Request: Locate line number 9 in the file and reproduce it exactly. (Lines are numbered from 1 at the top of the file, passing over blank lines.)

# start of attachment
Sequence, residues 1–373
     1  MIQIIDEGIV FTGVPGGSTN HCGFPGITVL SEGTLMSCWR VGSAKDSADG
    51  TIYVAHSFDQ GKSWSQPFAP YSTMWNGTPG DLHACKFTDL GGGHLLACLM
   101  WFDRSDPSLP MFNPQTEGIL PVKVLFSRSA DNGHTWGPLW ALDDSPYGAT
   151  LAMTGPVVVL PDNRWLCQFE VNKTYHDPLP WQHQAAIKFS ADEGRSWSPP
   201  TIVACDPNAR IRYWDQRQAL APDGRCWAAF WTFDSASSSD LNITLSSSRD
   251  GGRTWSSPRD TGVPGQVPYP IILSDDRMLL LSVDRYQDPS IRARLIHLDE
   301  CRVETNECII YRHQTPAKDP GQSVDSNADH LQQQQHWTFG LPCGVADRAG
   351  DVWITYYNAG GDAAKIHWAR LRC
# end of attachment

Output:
   351  DVWITYYNAG GDAAKIHWAR LRC